A Literary Dinner, thanks to “The Book Club Cookbook” by Judy Gelman & Vicki Levy Kupp

A while back, I made vegetable soup from a recipe in Judy Gelman and Vicki Levy Krupp’s “The Book Club Cookbook,” which I’d found at a used bookstore for a few dollars and was delighted/intrigued by. The soup, from “Girl with a Pearl Earring,” was really great, and I was completely pleased with my purchase.

Then I was contacted by the good folks who published said book and informed that there was an updated version about to come out – oh, and did I want one to peruse?

Duh.

The Revised & Updated version is really nice.  It includes recipes from and inspired by such recent smash hit reads as The Girl with the Dragon Tattoo and The Help, in addition to a color photo insert.

To test this new book, I invited some friends over for a literary dinner. My only rule was that I could only make recipes from books I’ve actually read.  So, I picked my dishes and spent a whirlwind day cooking up the eats.  (My darling husband agreed to play bartender, and went to work making the libations.)

Yes, that's a Zora Neale Hurston finger puppet magnet.

The menu:

Mint Juleps, from F. Scott Fitzgerald’s “The Great Gatsby.”

Seafood Chowder, inspired by Sena Jeter Naslund’s “Ahab’s Wife.”

Black-Eyed Pea Cakes with Jalapeno-Avocado Salsa, inspired by Zora Neale Hurston’s “Their Eyes Were Watching God.”

Chocolate Pie, from Kathryn Stockett’s “The Help.”

First of all, I need to note that the only reason I read “Ahab’s Wife” in the first place was because of it’s description in the original “The Book Club Cookbook.” I read the whole cookbook to see what books were featured and why, and that one leapt off the page as one that interested me.  I can safely say it’s one of my favorite books of all time now.  So thanks to the ladies for creating this whole thing in the first place.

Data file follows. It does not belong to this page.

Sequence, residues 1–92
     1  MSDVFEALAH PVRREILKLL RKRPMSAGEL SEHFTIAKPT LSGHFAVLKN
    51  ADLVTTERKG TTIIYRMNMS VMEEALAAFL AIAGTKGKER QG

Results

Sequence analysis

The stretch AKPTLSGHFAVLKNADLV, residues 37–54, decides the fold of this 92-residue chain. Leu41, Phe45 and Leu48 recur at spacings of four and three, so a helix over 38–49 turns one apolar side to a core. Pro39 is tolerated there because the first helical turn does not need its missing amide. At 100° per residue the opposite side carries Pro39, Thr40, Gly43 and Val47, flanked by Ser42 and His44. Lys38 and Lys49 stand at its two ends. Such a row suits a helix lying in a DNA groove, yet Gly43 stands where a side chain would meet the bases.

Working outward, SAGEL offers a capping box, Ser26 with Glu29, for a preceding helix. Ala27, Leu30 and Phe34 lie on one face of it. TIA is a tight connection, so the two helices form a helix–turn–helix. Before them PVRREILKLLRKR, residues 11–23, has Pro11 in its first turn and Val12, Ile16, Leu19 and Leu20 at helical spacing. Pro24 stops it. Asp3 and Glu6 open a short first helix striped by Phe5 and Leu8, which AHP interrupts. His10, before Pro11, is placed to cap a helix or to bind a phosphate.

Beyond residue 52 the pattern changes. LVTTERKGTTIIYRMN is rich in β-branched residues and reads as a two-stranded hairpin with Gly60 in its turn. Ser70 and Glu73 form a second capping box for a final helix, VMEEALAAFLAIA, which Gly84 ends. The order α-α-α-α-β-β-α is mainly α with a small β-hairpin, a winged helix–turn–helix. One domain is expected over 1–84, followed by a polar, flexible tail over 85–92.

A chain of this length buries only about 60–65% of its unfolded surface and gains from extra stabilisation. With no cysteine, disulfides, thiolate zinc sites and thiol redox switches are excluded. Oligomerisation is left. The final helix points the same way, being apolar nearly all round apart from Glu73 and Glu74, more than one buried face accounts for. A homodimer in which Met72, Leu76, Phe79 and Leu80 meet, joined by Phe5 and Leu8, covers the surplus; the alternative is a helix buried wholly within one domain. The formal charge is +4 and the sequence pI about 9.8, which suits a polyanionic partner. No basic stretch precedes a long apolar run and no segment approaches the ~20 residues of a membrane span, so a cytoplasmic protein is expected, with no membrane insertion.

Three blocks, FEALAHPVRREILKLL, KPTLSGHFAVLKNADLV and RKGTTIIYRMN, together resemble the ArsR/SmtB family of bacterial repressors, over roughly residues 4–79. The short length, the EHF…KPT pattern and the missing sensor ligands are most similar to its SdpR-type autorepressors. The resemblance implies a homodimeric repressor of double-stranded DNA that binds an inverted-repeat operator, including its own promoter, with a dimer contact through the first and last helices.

Second, the food turned out great!

image

I’m not really a chowder person, but this seafood chowder was amazing – and it’s a recipe I’ll keep in my back pocket for the future.  Despite going to two stores the morning of the dinner, I was unable to find black eyed peas (right?) so I substituted black beans in the cakes.  I’ll be honest, while the cakes turned out fine – and gave me my first experience using our FryDaddy, they didn’t blow my mind – but the Jalapeno & Avocado salsa sure did!

My husband played bartender and went to work crushing ice, bruising mint leaves, and whipping up Mint Juleps for everyone.

The piece de resistance, however, was the chocolate pie.  Awesome. Simply awesome.  (For those of you who’ve read/seen “The Help,” I hope you get the humor of the dish.)  The pie was super easy to make, no baking required, and I was glad I had five friends to share it with or I would have eaten the whole thing all by myself.

I had a blast cooking up all this stuff.  This book will remain on my shelf for a long time, and I’m absolutely planning to make more of the recipes contained within.  (The “Love in the Time of Cholera” Mojitos almost made the cut this time around, as did the “Angela’s Ashes” Irish brown soda bread.)

Maybe I’ll even have another Literary Dinner… Hmmm….

 

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About JamieP

Books. Adventures. Chicago. Married. Mommy. Cat.

Posted on March 7, 2012, in Uncategorized and tagged . Bookmark the permalink. 1 Comment.

  1. Wonderful idea–so glad you posted about this dinner!

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